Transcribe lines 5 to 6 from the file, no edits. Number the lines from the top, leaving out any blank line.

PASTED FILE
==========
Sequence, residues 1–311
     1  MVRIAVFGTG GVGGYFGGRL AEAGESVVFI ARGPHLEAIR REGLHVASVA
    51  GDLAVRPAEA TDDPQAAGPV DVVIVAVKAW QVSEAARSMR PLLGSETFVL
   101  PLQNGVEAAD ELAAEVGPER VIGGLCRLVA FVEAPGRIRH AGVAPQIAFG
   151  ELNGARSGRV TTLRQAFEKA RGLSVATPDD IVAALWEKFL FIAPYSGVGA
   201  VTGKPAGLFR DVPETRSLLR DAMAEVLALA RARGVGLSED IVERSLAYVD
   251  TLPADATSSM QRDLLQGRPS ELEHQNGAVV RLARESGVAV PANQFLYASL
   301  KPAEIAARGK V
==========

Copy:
   151  ELNGARSGRV TTLRQAFEKA RGLSVATPDD IVAALWEKFL FIAPYSGVGA
   201  VTGKPAGLFR DVPETRSLLR DAMAEVLALA RARGVGLSED IVERSLAYVD